Mark Twain

"Twenty years from now you will be more disappointed by the things that you didn't do than by the ones you did do ...
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Tuesday, September 13, 2011

Through My Care Giver Eyes - The Future

A scary place, the future.

For mom the path she seems to be following is predictable ... new medical problems, more disability, less mental engagement, more hands-on care.

During her last hospitalization and rehab, she slipped quite a bit. I worried that she had passed some invisible line that required more professional care than I could provide at home. But I resisted because in my mind we were still dealing with an illness. You get better from an illness. You may still have chronic medical conditions, but you can recover from the episodic illness that made you weak, and you get well enough to do the things you once could.

And she did improve some.

But questions still remain. Will mom's future hold an assisted living or a nursing home? Will her health continue to hold stable or will she slide further downward? How long can we manage her needs in our home? These issues seem to glide one into the other in a massive gray way. There never seems to be a definitive line in the sand that says ... "Now we must take this next step."

I worry about the impact of mom's future on myself. How long can I physically continue to manage her declining condition? Will I be able to separate her needs adequately from my own? Could I survive my internal turmoil of placing her in another living environment that is not my home?

The final assault will be her death. I can't imagine her absence from my life after 64 years. I can't begin to fathom the size of the void that will be left by her passing. I have read there is a relief and a kind of freedom at this passing. But do those feelings balance the loss and the void her death will cause in my life? Will I ever be normal again or will I have to search for a "new normal" for my own life?

And what of my own aging? I watch her struggle and I think ... you are looking at yourself 20-30 years into the future. Where will I be physically and mentally at 85? I know that some of mom's condition is the result of her personal choices over the last 20 years. But the aging process is not easy for some and hard for others. The aging process is hard for everyone no matter what you do to prevent it.

Yes, the future is a scary place.

Retired Knitter
Care Giver and Daughter


  1. Because I was not gifted with having my parents in my home as they walked that path I can't comment on when the "next step" should be taken. What I can comment on is the "relief and freedom" issue .... as I watched my last parent decline and did my best for him (we were at least a two hour drive away and both working fulltime) I could not have imagined those feelings. A few months after he passed away I heard myself say it and immediately felt guilty. It is normal to feel that relief and freedom. I also missed him desperately and still do some 6 years later.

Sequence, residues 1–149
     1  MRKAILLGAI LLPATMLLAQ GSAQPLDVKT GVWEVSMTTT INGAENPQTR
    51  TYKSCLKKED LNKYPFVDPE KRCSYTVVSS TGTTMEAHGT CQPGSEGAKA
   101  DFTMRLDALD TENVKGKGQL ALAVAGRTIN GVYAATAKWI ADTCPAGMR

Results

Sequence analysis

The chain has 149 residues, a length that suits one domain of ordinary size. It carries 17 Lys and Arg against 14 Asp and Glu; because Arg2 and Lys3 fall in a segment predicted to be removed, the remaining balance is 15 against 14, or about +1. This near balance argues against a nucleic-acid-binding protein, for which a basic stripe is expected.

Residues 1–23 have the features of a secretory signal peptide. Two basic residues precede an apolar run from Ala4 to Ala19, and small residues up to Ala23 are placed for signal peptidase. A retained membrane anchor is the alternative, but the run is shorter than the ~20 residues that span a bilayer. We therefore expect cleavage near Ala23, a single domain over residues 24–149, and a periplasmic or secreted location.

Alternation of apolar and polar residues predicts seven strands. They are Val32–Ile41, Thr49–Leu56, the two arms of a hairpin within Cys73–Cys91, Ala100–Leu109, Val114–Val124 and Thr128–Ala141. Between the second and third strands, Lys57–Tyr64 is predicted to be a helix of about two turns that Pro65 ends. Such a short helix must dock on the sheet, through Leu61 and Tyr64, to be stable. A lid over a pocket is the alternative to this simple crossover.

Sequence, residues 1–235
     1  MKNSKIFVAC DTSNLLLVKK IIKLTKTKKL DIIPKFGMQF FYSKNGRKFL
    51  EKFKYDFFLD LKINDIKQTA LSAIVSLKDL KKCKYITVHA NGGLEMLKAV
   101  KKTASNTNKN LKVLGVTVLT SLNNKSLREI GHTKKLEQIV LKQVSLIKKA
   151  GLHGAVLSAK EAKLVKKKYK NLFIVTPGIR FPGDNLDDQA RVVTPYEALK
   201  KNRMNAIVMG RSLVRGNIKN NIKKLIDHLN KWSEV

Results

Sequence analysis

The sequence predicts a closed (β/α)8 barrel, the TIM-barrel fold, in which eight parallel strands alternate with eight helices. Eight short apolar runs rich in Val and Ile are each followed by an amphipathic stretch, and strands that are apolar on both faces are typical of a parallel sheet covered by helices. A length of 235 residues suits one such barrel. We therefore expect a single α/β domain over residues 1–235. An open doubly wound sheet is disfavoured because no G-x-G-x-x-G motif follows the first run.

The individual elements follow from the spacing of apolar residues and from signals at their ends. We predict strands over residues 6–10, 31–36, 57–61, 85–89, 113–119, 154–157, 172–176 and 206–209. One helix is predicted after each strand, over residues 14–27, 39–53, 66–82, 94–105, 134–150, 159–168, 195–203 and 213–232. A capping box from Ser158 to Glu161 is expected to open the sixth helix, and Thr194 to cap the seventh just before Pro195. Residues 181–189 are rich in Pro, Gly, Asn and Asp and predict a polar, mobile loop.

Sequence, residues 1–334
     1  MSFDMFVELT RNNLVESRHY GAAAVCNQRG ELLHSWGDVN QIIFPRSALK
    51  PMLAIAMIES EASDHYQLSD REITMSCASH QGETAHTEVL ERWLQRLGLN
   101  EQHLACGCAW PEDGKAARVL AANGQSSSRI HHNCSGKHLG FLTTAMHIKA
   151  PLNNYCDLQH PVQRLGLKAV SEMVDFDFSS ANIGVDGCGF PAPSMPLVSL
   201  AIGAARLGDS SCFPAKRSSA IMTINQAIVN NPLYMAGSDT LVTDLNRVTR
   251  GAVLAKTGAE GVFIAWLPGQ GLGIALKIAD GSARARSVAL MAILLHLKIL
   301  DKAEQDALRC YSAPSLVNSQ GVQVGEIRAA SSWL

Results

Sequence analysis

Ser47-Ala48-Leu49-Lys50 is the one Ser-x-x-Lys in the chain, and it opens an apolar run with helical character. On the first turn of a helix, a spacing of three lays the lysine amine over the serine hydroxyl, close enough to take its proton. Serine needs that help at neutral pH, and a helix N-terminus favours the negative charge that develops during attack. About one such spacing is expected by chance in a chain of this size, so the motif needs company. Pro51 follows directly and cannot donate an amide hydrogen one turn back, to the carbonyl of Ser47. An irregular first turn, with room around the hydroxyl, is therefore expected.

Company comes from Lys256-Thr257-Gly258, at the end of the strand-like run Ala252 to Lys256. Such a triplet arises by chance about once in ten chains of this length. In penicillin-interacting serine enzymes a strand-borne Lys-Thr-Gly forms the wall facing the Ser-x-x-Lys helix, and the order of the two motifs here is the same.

No matter how we handle our parents aging it always feels like we could have done more, should have done more, would do more if we could go back and do it again...but the reality is, we do what we can to the best of our ability and they understand. At least, I hope they do.

  2. When my mother died, I was 56 and missed her terribly but didn't wish her back into what her life had become at the end. It was a natural progression, and accepting that is very different from missing the person.

  3. When I think of my moms terminal illness it is mostly loss I feel. I do think I did what I could and I think at the very end it was a relief for her but while someone is living there is always hope - at least for me, I always hope. Death ends that hope.
    Getting the most out of today is my goal, I don't want to know what is coming tomorrow. Today is good.

  4. I was 50 when my mom died. I think your mom is the hardest because we're so close to them - they protect us from the world. Then we really have to grow up! It is not easy, but we do it.


  5. My mother died in April this year. It has taken me since then to allow myself to go through the boxes I brought home from her house. I don't think I ever will be like I was before. Even though I watched her fade with each visit, holding her hand as she died still gripped my heart. God bless.

  6. what lies ahead is a scary thought since the future and life as we know it is so unpredictable but cherish every moment that you have had with her.

  7. How lucky your mother is to have such a wonderful daughter who cares for her so much. Look not at what time is left but at all the time you were blessed to be together. I love my mom more than life itself and am taking things one day at a time. I cannot imagine life without her. We must take care of ourselves as well as we need to be there for them (reading the obits lately and so many 50-60 year olds dying). Try not to worry so much about the future as we have no control over that. Do what you can but don't beat yourself up for things you cannot do. It is great to live a long life but as we all can see now there is also a downside no-one talks about. Thanks for sharing your story.


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